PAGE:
We put his stuff in a plastic bag and get him loaded up and buckled in on our cot, and instead of sitting next to him on our "work bench", I take up a position directly behind him in our "Captain's chair", keeping an eye on him the whole way to the HSP.

We get to DG and walk into the ED, and are met by the HSS security people who announce either Medical or Psych, alerting either the charge nurse or the psych nurse. The HSS guy comes over and asks the Pt. if he has anything on him, keys, lighter, knives, ect., to which I hold up the plastic bag and show him what I found, but he my want to call up one of the S.O.'s from downstairs, or if there's a DPD officer available to come up and search this guy further. The HSS guy asks "Why?", and I tell him because I found a cleverly disguised blade on him, and I show him the "cigarette blade" I found. HSS guys eyes got as big as saucers, and he walks over to a phone and makes a call.

The Psych nurse arrives and I give her my hand off report and tell her about the blade I found, and that I already told the HSS guy to place a call, for one of the S.O.'s to come up. So we take the Pt. down to the Psych ED and put him in a room just as the S.O. gets there, and I show him the "Cigarette blade", and he concurs that a more detailed search is needed.

I walk out, and up to the front desk, to finish my report. I'm there for awhile and the S.O. that did the search, comes walking up to me and tells me, that he found another razor, an older style single blade razor, in it's protective cardboard, taped to the bottom of his foot. Not his shoe, but the sole of his foot.

Needless to say, I don't care if a staff member, family member, RN, Doc, or even PD says a Pt. I'm about to transport has been searched, I'm going to preform my own search. Like Reagan told Gorbachev........."Trust, But Verify."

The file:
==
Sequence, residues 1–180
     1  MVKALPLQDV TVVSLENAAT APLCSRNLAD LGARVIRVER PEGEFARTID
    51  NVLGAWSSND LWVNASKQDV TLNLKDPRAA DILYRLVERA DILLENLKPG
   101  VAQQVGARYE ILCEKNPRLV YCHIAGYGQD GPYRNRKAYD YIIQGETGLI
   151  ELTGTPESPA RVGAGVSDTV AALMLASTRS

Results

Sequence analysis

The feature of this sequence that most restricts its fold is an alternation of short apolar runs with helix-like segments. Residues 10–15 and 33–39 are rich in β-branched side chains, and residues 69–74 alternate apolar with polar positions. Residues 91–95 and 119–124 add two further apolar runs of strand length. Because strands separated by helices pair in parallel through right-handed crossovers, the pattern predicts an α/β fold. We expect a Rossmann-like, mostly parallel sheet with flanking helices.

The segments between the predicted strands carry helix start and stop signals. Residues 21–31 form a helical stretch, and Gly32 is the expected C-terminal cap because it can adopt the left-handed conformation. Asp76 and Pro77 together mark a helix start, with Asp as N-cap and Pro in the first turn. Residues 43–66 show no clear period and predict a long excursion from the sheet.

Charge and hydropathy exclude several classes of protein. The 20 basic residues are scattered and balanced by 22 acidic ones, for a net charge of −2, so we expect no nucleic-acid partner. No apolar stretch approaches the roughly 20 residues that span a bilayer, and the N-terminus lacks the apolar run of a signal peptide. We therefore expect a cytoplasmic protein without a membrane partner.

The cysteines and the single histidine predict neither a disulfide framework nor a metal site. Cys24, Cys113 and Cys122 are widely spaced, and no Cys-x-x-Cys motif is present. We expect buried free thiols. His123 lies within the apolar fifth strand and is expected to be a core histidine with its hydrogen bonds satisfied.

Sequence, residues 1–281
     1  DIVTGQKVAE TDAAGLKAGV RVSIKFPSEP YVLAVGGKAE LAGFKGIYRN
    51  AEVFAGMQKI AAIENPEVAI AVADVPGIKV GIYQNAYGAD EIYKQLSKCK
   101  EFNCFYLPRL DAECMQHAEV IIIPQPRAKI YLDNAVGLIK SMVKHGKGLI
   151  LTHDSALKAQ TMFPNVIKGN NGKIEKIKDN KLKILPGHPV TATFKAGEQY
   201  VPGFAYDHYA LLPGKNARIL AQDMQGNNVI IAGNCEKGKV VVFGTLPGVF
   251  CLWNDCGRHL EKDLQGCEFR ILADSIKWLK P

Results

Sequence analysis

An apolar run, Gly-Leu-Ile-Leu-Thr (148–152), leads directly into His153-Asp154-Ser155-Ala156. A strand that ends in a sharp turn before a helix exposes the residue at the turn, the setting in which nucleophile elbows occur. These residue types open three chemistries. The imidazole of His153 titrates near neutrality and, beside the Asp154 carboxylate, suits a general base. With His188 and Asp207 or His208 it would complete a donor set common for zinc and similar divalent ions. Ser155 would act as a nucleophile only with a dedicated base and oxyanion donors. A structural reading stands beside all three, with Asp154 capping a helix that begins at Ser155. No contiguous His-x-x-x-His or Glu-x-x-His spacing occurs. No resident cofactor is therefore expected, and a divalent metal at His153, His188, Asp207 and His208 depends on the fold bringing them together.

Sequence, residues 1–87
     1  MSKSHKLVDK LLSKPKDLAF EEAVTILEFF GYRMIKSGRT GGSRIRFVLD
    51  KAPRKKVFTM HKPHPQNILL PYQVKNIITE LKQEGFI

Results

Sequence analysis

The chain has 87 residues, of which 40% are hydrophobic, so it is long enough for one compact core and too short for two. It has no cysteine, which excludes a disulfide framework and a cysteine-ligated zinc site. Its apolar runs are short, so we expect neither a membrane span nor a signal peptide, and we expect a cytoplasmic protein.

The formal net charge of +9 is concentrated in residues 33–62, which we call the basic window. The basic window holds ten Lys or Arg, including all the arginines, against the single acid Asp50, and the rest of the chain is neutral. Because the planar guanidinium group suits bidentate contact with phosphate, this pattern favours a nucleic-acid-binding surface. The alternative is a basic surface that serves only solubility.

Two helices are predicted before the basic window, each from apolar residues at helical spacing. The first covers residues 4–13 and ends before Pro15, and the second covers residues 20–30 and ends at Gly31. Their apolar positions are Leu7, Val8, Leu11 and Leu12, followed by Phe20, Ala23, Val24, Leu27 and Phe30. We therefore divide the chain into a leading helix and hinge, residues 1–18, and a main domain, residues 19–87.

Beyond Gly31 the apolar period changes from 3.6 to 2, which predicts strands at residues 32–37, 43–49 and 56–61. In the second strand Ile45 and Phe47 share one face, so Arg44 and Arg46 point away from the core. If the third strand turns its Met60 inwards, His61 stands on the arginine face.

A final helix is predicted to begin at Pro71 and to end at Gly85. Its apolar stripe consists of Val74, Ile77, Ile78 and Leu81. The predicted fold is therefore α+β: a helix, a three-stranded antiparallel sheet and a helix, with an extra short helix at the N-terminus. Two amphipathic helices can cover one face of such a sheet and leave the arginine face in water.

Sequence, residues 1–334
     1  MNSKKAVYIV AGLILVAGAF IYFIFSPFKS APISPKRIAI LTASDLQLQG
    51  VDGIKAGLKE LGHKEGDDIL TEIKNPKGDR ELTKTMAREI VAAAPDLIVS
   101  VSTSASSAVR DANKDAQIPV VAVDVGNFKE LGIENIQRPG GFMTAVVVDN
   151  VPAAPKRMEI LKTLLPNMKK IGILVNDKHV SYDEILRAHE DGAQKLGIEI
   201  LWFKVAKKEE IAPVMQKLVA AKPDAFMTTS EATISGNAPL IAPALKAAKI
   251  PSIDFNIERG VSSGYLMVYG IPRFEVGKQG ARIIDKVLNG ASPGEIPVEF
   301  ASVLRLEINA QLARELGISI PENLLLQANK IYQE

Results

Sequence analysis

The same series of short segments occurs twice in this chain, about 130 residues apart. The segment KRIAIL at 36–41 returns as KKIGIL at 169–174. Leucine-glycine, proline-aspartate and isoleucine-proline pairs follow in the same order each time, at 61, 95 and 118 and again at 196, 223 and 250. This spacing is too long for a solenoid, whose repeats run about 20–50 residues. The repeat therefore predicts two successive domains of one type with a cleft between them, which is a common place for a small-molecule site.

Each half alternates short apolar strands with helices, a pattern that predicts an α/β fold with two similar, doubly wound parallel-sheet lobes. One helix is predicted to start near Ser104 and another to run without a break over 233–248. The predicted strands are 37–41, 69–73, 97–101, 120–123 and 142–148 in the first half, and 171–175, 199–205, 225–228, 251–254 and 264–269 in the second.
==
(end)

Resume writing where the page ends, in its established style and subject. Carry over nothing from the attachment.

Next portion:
03-30-2008, 18:46
It's gotten worse only because of the morons running that hospital.....

BTW Dr. A is doing well...;)

It was as bad as it was, at the time we worked there, because of the administration. I can only imagine now.

Thanks for the update on A. Does Doc T talk much with Dr Rick M?

Dragbag, I have had some of the same experiences working at the FD and at EMS. There were several of us who had enough forethought to purchase concealable armor circa '94. Many of my coworkers at EMS laughed at me sweating in it, until the first shooting incident claiming the career of one of my partners. It has saved my skin on a couple of occasions. The EMS service where I worked issues armor now in a bright blue outer carrier. They are nice but I still prefer my concealable carrier and will be purchasing a new one once I return from here.


03-30-2008, 19:21

Any off the record advice for the student/resident in the ED? Run fast???

As a side note- within the last few months our little on campus gun free housing next door to the ED long considered in a safe zone has had two break-ins when people where clearly home and nothing was stolen even with laptops sitting out. The first intruder tried to break down the occupied BEDROOM door of a student COUPLE, the other incident resulted in a female student being assaulted in her room.

I choose not to rely on security.

Team Sergeant
03-30-2008, 22:33
It was as bad as it was, at the time we worked there, because of the administration. I can only imagine now.